According to Hualde, the most conservative varieties of Basque maintain the three-way distinction among the sibilants [2]. In Goizueta Basque, for instance, many speakers keep the three sibilants distinct in terms of their spectral peak, COG, and skewness. Hualde finds a correlation between the spectral peak and the articulation of the sibilant so that a higher spectral peak corresponds with a more fronted articulation [2]. Therefore, in the conservative varieties of Basque, the lamino-alveolar sibilant has the highest spectral peak of all the sibilants and the prepalatal sibilant has the lowest spectral peak. As for the spectral peak of the apico-alveolar sibilant, it falls between that for the lamino-alveolar and the prepalatal sibilants. Hualde’s results show that the lamino-alveolar sibilant has the highest COG of the three sibilants (6645 Hz) and that the prepalatal sibilant has the lowest COG (3531 Hz) [2]. The COG values of the apico-alveolar sibilant (4173 Hz) fall between those for the lamino-alveolar and the prepalatal sibilants. It should be noted here that the apico-alveolar and the prepalatal sibilants are more similar in acoustic terms than the lamino-alveolar and the prepalatal sibilants. Even though Hualde’s analysis only shows the results for a single speaker from Goizueta [2], his results are in agreement with what we would expect based on other studies. Jurado Noriega analyzes the Basque sibilants in the Guipuzcoan territories of Donostialdea and Bidasoa, where the sibilants have been kept distinct, and shows that the COG is higher for the lamino-alveolar sibilant (<z>) than for the apico-alveolar sibilant (<s>) [15]. Likewise, Iglesias et al. analyze the Basque sibilants as pronounced by a speaker from Beizama, Guipuzcoa [20], and report similar results to Hualde [2] for the COG values. Iglesias et al. analyze the production of the nonce-words aza, axa, asa from a reading task and they find that the lamino-alveolar sibilant has the highest COG of the three sibilants (14,452 Hz) and the prepalatal sibilant has the lowest COG (5966 Hz) [20]. As in Hualde [2], the COG values of the apico-alveolar sibilant (8081 Hz) fall between those for the lamino-alveolar and the prepalatal sibilants.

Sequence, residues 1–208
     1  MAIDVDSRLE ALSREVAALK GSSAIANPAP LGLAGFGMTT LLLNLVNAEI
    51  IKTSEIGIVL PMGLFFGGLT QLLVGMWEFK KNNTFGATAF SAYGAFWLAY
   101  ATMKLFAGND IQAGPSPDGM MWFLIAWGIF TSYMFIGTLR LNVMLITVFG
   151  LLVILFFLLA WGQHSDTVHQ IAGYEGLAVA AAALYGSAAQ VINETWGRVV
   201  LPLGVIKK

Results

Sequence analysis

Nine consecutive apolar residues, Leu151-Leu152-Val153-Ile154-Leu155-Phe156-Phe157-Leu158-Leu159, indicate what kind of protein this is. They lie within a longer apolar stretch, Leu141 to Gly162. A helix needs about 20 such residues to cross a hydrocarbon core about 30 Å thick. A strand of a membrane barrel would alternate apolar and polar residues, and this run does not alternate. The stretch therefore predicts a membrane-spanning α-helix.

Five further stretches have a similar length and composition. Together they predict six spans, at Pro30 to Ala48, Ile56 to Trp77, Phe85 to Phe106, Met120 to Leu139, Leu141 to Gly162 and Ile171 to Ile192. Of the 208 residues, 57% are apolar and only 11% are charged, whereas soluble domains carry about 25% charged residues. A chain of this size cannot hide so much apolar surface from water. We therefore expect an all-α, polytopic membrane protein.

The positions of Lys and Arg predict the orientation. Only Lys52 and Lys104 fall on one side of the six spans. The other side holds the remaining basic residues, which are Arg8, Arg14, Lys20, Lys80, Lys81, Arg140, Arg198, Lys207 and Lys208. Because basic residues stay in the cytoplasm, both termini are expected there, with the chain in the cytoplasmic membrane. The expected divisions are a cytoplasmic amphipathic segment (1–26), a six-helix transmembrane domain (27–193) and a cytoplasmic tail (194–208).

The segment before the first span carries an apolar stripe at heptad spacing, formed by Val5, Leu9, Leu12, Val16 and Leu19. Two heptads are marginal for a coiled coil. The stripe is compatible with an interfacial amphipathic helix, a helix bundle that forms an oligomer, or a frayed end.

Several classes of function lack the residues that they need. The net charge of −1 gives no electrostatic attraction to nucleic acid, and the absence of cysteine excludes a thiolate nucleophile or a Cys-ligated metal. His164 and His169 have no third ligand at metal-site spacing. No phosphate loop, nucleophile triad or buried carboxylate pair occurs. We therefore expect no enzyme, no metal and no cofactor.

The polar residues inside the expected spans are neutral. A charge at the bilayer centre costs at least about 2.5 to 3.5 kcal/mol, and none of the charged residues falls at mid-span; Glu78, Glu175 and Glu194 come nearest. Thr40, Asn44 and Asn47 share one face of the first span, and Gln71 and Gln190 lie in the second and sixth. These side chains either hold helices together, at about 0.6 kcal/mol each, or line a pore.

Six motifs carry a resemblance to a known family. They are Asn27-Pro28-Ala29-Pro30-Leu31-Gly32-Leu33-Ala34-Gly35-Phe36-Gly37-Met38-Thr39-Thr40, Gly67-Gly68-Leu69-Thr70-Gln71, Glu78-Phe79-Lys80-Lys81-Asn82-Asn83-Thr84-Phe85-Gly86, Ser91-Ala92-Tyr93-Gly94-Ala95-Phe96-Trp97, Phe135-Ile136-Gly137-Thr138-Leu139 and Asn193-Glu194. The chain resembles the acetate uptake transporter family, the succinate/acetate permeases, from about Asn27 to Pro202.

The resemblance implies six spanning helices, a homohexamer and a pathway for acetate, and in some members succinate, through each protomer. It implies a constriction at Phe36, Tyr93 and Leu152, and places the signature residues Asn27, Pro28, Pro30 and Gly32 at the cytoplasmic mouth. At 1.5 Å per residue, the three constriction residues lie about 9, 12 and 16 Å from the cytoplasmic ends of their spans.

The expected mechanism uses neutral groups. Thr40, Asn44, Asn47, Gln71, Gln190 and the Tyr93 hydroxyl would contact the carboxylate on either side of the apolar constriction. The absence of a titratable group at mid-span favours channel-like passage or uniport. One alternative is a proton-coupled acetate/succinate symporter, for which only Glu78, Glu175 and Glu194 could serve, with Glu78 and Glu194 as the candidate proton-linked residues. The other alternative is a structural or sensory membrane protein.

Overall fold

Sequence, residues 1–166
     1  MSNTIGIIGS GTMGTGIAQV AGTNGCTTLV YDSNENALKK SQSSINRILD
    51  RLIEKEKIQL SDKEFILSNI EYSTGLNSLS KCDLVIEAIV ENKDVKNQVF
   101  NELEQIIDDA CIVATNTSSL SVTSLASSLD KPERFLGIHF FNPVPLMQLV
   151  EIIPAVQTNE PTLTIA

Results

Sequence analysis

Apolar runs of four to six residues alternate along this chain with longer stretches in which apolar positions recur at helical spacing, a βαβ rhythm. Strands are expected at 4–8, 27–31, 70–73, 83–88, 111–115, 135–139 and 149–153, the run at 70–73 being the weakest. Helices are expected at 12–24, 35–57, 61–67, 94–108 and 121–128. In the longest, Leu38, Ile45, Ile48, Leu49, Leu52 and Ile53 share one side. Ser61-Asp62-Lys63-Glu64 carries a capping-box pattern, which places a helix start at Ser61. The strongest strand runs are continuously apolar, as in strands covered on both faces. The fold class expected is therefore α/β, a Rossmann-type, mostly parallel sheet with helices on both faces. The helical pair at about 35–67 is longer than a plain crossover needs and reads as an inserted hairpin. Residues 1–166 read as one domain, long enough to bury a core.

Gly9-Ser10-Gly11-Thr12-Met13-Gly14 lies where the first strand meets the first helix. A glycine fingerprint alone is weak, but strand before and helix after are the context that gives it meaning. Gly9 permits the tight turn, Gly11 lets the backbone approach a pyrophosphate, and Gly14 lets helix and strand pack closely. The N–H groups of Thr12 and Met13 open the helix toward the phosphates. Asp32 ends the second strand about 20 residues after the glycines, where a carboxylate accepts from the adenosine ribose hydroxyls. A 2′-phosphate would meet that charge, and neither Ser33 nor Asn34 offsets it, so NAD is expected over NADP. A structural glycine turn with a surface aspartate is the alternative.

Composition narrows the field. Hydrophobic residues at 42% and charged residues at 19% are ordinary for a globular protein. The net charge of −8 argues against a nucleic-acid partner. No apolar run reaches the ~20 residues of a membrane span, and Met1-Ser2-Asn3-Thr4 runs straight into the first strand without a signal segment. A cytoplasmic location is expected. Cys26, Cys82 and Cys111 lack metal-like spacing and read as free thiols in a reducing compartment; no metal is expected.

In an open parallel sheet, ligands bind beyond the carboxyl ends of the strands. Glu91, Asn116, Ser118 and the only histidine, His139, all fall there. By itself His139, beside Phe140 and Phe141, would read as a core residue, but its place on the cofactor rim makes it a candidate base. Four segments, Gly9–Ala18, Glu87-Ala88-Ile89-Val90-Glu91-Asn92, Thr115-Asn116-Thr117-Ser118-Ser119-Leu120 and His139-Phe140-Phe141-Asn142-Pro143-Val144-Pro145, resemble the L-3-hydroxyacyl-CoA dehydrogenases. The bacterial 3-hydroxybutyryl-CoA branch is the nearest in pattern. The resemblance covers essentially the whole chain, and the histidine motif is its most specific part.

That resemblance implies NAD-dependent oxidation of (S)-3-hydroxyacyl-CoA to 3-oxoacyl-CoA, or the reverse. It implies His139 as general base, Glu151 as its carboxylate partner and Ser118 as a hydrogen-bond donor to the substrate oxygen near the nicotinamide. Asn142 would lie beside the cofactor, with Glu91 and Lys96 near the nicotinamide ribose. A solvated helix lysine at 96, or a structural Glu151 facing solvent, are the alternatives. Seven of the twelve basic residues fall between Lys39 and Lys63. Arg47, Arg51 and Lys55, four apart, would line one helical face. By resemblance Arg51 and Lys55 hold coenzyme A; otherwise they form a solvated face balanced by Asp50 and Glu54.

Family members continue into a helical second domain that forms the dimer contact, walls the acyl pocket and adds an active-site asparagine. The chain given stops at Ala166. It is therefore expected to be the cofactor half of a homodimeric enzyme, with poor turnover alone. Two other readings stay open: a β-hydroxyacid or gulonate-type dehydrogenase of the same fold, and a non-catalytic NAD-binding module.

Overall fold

Results from Basque studies are in agreement with cross-linguistic work on fricative differences and COG values. Jongman et al. analyze English fricatives and they claim that the prepalatal sibilant /ʃ/ has lower COG values than the alveolar sibilant /s/ [23]. Likewise, Gordon et al. analyze the COG values of several fricatives in languages such as Chickasaw (a Muskogean language spoken in Oklahoma), Western Apache (spoken in Arizona), Scottish Gaelic (spoken in Scotland), Hupa (spoken in California), Montana Salish (spoken in Montana), and Toda (spoken in India) and report similar results [24]. More precisely, they find that the prepalatal sibilant /ʃ/ in Chickasaw, Western Apache, Gaelic, Montana Salish, and Hupa has lower COG values than the alveolar sibilant /s/. The authors also observe that the COG values of the lamino-alveolar sibilant /s̻/ in Toda has significantly higher COG values than the apico-alveolar /s̺/ and the prepalatal sibilants /ʃ/ [24], which is in agreement with the COG values in Hualde [2].

1.3. Basque Sibilant Merger